FIFA World Cup 2018 to Employ Video Assistant Referee – Preview & Reservations
Apr 26, 2018
The first major innovation to the game since the introduction of goal-line technology, Video Assistant Referee (VAR) is hailed as making football more transparent and fairer, helping referees come to the right decisions. However while the goal line technology has become almost universally accepted, acknowledged as accurate and fast in informing the officials whether the ball has crossed the line, VAR has left a lot of questions and doubts in the competitions in which it has been used.
How Does The Video Assistant Referee Work?
VAR is dependent on communication between the referee on the pitch and a further referee analysing incidents on a screen away from the stadium. VAR cannot be used for all potential decisions in a match, only those affecting goals, penalties, red cards, possible mistaken identity and offsides. VAR remains advisory and ultimately the on-pitch referee still has the final say on all decisions. Any players trying to influence the referee by trying to get him to refer an incident to VAR risk a yellow card for unsporting conduct.
How Has The Video Assistant Referee Worked So Far?
Competitions in countries including England, Germany and Italy have been using VAR to mixed reactions. In England, it has been seen in domestic cup matches and the main complaint has been the length of time it can take to reach a decision. Largely the decisions reached have been correct which is what the officials naturally want, but for the fans, it has sometimes led to a very stop-start spectacle with matches frequently halted for VAR references.
The flow of the game can be affected and while the decision is being made the fans in the stadium are left very much in the dark, not being informed of the process. Although fans still will not see a video replay of the incident while the referee is consulting VAR at the World Cup, they will see one on the large screens after the decision is made.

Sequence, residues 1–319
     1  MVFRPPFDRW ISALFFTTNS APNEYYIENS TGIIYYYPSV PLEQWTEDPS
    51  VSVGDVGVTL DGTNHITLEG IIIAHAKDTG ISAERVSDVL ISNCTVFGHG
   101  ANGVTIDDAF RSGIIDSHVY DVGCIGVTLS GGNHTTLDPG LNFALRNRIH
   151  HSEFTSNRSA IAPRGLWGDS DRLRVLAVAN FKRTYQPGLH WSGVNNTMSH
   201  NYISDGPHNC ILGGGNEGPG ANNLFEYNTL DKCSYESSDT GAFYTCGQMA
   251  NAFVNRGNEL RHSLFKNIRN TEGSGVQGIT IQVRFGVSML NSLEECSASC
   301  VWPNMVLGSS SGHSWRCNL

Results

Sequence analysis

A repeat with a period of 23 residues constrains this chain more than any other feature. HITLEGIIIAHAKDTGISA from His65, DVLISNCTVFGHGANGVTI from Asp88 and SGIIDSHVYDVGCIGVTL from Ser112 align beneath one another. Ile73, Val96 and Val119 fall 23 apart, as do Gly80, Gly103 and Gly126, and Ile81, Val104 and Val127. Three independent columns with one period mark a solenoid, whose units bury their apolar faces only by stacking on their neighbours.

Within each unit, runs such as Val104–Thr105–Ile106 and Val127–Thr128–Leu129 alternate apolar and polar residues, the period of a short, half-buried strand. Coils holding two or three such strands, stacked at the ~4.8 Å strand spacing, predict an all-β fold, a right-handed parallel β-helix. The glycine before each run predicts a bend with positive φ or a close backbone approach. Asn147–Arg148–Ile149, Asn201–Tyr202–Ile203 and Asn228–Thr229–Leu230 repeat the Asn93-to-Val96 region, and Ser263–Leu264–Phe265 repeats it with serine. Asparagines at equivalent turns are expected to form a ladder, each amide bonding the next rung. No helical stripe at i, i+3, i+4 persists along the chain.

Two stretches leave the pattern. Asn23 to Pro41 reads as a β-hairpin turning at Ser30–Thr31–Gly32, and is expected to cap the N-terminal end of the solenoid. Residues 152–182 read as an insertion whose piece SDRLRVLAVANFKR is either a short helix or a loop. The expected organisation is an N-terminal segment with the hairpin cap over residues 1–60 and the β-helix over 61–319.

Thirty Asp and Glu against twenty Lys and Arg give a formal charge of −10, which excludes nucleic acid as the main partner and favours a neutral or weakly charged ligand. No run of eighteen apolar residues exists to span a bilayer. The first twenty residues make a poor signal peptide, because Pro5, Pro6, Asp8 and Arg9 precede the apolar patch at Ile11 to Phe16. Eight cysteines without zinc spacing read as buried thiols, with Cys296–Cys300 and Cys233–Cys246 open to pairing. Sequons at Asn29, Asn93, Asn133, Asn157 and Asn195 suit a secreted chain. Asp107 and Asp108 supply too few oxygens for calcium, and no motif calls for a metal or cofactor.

Incidents Using The Video Assistant Referee
VAR has the potential to be the main talking point at some games at the World Cup as it has been in games in which it has been trialed. In the Bundesliga match between Mainz and Freiburg, the players were called back from the changing rooms at halftime for a belatedly awarded penalty from VAR. The system has been used in the Bundesliga all season but a recent survey polled 47% of players saying they would like to be rid of it.
In England, VAR has been used in a number of FA Cup matches. The then West Brom manager Alan Pardew called VAR “bizarre” as three incidents in the first half led to delays. Apart from affecting the atmosphere within the stadium, Pardew also implied the stops could have played a role in hamstring injuries to two of his players. The cup game between Tottenham and Rochdale also led to Spurs manager Mauricio Pochettino branding VAR “comical” and “embarrassing” after it disallowed one goal and overturned a penalty which had been scored.
Outrights to Win the World Cup
|Brazil to win||6.50|
|France to win||7.00|
|Germany to win||8.00|
The Way Forward For The Video Assistant Referee
It is still early days for VAR, and whether it is right at this moment for the sport’s premier competition only time will tell. The English Premier League has said it will monitor the World Cup closely before deciding on its own possible implementation of VAR for all games, though the UEFA President Aleksander Ceferin has already ruled out its use for next season’s Champions League matches.
In a change to the current use of the VAR System FIFA has ruled that replays of incidents at the 2018 World Cup reviewed by VAR will be shown on big screens after the decision has been made.
One of the more reasonable concerns going into the World Cup is how many of the tournament’s referees will not have used VAR when previously officiating. Ultimately even with VAR some decisions still come down to interpretation, for example, deliberate handball, and disagreements on decisions will remain.
Hopefully, FIFA will find a way of speeding up the decision making process and the system accompanies and improves the tournament rather than hinders or detracts from the football.
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